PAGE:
The Nicest Love Note You Can Ever Write
The last few weeks have been rough to say the least. In the course of the last month, I have had a Lupus Flare, Shingles, Hay-Fever, and a nasty 48 hour virus. Things have not been fun at the Kinsey Home. I have not been beautiful. As a matter of fact, I was covered in shingles (tiny blisters that burn like fire), had a runny nose (from hay-fever), my joints were red and swollen (from Lupus), and extremely pale from the war going on inside my body. To add insult to injury, I went to get my hair done, so I would feel better about myself. There was an accident with the treatment put into my hair, so my hair looked like Guy Fieri on a really bad day. Beautiful is not something I felt…at all.
During this time, I attended a writer’s conference and did not know I had shingles. I thought I was just being a weenie about my Lupus Flare. In addition, I was catching up my blog, looking into a new Church, getting some blog posts updated, and working to update my social-network. Add to that, my son was having a bit of a crisis, and I felt that I could do nothing to help him.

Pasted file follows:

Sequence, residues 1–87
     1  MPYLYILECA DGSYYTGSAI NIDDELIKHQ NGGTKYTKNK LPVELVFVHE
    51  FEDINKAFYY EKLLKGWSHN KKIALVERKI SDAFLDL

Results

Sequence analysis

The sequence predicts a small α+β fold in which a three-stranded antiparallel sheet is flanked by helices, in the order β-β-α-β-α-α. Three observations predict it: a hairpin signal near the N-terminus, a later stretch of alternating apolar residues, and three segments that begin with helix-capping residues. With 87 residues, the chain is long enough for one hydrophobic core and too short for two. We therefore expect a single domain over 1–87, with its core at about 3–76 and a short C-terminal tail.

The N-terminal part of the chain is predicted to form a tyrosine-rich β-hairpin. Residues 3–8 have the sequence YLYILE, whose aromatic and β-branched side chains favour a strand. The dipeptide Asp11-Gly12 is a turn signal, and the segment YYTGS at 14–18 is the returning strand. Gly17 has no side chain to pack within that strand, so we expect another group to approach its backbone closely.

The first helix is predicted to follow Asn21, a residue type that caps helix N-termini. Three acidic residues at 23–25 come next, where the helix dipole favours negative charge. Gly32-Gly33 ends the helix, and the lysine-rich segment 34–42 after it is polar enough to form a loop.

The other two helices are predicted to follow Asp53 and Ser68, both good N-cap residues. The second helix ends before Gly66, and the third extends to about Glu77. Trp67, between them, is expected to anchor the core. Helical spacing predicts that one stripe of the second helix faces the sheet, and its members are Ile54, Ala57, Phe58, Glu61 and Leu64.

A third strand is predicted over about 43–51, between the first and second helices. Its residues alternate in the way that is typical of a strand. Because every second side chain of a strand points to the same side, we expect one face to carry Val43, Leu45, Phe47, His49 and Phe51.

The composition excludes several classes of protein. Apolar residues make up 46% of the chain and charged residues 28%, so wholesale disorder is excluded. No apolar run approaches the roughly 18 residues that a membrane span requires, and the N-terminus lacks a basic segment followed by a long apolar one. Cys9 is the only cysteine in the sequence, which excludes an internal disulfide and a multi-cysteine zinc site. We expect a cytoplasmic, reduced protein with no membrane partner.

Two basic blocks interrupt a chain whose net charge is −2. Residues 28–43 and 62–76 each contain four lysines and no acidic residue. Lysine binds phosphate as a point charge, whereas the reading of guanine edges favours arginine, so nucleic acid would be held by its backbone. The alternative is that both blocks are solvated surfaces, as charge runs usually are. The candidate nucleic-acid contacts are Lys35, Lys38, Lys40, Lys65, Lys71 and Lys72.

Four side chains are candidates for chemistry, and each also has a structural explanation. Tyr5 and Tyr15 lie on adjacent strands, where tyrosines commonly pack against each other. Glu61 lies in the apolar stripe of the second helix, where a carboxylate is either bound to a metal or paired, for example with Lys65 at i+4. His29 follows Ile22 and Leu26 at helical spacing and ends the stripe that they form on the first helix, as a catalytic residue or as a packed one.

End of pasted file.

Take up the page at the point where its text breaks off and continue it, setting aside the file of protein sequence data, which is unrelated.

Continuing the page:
Beautiful is not what I felt at all, and my next doctor visit echoed that. My doctor said, “What is wrong with you? You have to slow down. You have to rest, and by that I mean going to get a glass of water is enough exercise until you improve.”
Take an overachiever with a health crisis, add in a pinch of idiocy, a teaspoon of low self-esteem, with a dash of despair, stir – and you have a recipe for disaster.
At my lowest point, I woke up in a stupor one morning, wondering why I bothered with my blog posts at all, stumbled to the bathroom, and found this note on my mirror:
Another note said, “Get some rest.”
I cried. I thanked my husband. I prayed. And, I rested.
My husband knew exactly what to say at just the right time. That’s priceless.
If you have such a person in your life, call and thank them today. If your relationship doesn’t work so well, and you need more love, just say so. Find a way to get to that place where you both care more about one-another than you do yourself. Strive to stay in that spot where you know you are loved, and your spouse knows you love them. How do you do this? Remember who is in control.
PS. If you’re contemplating marriage, are married (happily or unhappily), or are looking for a life partner, please get a copy of The 5 Love Languages by Gary Chapman. It works best if you BOTH read it. I have to say it’s helped me understand the language of love more than any other self-help book I’ve read so far. It even helps me with people I’m not married to – like extended family members.